me! Yes, sir! Mother's tipped off these darned waiters not to serve me anything but vegetables and nuts and things, darn it!"
"The mater seems to have drastic ideas about the good old feed-bag, what!"
"I'll say she has! Pop hates it as much as me, but he's scared to kick. Mother says vegetables contain all the proteids you want. Mother says, if you eat meat, your blood-pressure goes all blooey. Do you think it does?"
"Mine seems pretty well in the pink."
"She's great on talking," conceded the boy. "She's out to-night somewhere, giving a lecture on Rational Eating to some ginks. I'll have to be slipping up to our suite before she gets back." He rose, sluggishly. "That isn't a bit of roll under that napkin, is it?" he asked, anxiously,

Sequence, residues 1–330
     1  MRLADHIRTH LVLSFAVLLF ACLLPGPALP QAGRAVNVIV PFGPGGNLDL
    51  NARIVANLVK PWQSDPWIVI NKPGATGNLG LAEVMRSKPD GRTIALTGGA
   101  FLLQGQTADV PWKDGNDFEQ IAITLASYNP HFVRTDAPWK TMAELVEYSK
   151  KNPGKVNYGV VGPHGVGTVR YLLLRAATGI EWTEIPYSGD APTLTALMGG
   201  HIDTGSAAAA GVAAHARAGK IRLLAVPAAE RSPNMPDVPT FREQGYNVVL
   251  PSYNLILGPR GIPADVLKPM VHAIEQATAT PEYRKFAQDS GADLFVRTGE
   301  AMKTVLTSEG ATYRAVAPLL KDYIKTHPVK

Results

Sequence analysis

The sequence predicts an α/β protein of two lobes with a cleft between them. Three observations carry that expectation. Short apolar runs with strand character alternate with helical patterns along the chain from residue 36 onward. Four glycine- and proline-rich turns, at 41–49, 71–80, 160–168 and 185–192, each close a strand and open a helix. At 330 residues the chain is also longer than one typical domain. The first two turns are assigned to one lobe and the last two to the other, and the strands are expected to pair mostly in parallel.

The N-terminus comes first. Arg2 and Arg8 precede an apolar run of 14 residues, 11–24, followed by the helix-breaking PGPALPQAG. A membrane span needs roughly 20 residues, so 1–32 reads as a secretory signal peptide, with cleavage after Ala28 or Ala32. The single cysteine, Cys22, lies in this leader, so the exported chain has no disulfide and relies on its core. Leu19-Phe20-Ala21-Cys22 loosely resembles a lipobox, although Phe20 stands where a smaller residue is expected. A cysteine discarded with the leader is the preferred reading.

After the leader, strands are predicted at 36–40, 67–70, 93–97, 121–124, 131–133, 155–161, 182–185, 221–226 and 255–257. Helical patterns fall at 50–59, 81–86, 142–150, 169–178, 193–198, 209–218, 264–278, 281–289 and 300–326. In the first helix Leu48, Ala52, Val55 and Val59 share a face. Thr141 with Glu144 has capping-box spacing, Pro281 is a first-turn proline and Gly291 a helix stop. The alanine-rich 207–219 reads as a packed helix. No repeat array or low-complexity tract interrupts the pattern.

Archie raised the napkin.
"No. Nothing of that species."
"Oh, well!" said the boy, resignedly. "Then I believe I'll be going. Thanks very much for the dinner."
"Not a bit, old top. Come again if you're ever trickling round in this direction."
The long boy removed himself slowly, loath to leave. At the door he cast an affectionate glance back at the table.
"Some meal!" he said, devoutly. "Considerable meal!"
Archie lit a cigarette. He felt like a Boy Scout who has done his day's Act of Kindness.
On the following morning it chanced that Archie needed a fresh supply of tobacco. It was his custom,